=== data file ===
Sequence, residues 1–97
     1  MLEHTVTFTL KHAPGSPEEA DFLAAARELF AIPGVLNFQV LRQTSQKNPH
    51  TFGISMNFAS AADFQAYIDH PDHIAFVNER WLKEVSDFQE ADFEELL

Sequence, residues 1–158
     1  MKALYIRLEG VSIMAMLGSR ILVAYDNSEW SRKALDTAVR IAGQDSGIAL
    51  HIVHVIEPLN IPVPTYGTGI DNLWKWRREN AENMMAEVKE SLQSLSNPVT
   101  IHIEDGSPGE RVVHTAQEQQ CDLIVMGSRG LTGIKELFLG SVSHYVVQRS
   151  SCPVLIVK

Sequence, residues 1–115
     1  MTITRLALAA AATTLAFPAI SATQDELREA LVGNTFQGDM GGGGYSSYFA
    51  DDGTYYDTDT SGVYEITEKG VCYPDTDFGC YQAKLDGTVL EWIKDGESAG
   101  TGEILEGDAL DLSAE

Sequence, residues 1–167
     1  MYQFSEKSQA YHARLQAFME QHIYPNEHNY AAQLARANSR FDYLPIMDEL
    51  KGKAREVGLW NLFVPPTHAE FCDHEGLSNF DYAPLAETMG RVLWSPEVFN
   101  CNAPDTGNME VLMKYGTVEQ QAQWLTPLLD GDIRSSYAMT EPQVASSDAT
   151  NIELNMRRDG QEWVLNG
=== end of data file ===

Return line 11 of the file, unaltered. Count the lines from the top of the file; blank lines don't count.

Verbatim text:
    51  DDGTYYDTDT SGVYEITEKG VCYPDTDFGC YQAKLDGTVL EWIKDGESAG